Page:Thus Spake Zarathustra - Thomas Common - 1917.djvu/221

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Many a shrewd one did I find: he veiled his countenance and made his water muddy, that no one might see therethrough and thereunder.

But precisely to him came the shrewder distrusters and nut-crackers: precisely from him did they fish his best-concealed fish!

But the clear, the honest, the transparent- these are for me the wisest silent ones: in them, so profound is the depth that even the clearest water does not- betray it.-

You snow-bearded, silent, winter-sky, you round-eyed whitehead above me! Oh, you heavenly parable of my soul and its wantonness!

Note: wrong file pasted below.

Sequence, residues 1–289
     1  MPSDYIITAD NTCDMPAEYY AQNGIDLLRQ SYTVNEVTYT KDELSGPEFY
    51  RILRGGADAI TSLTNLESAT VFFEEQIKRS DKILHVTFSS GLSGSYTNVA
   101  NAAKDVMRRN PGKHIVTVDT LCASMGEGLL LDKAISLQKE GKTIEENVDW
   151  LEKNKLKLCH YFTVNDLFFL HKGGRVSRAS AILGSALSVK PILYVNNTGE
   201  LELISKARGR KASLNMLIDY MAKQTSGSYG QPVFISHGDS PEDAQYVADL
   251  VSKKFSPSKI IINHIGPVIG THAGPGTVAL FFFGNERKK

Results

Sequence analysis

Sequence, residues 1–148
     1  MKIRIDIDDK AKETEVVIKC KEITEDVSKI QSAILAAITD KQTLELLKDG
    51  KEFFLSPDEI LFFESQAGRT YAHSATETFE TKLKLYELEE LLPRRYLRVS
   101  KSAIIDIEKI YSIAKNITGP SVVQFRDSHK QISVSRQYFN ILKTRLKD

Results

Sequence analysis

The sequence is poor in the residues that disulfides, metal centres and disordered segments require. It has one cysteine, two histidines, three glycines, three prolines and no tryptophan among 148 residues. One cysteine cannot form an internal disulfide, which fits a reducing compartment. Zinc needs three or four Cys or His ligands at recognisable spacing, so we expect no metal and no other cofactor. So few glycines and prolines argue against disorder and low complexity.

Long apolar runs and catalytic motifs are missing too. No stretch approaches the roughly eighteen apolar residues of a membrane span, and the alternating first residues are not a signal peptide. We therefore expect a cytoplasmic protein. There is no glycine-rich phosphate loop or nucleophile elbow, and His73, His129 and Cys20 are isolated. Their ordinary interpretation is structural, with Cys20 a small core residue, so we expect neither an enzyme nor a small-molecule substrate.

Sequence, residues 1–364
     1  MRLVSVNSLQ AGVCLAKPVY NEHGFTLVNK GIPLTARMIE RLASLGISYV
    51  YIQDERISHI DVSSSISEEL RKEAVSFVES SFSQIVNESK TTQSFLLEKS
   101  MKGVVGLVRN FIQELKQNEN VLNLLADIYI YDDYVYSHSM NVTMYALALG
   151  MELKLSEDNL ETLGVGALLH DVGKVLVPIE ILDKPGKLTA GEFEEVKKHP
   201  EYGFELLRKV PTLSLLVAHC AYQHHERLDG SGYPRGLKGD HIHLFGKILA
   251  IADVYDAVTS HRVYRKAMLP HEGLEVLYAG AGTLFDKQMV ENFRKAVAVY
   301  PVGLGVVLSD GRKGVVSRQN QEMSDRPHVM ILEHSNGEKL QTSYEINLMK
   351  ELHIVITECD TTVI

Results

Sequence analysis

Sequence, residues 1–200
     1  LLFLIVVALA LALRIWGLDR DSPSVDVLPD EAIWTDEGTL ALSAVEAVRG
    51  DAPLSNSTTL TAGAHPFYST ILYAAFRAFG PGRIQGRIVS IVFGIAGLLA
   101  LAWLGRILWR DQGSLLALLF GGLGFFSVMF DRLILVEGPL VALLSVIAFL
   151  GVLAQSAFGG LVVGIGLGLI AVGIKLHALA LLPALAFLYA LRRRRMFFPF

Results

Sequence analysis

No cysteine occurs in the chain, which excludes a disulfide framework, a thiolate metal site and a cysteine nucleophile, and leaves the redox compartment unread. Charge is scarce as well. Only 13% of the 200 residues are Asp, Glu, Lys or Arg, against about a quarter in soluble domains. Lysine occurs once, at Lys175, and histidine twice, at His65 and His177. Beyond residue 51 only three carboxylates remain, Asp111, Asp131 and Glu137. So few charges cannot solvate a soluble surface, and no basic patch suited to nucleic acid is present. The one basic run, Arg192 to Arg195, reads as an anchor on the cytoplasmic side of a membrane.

And must I not conceal myself like one who has swallowed gold- lest my soul should be ripped up?

Must I not wear stilts, that they may overlook my long legs- all those enviers and injurers around me?

Those dingy, fire-warmed, used-up, green-tinted, ill-natured souls- how could their envy endure my happiness!

Thus do I show them only the ice and winter of my peaks- and not that my mountain winds all the solar girdles around it!

They hear only the whistling of my winter-storms: and know not that I also travel over warm seas, like longing, heavy, hot south-winds.

They commiserate also my accidents and chances:- but my word says: "Suffer the chance to come to me: innocent is it as a little child!"

How could they endure my happiness, if I did not put around it accidents, and winter-privations, and bear-skin caps, and enmantling snowflakes!

-If I did not myself commiserate their pity, the pity of those enviers and injurers!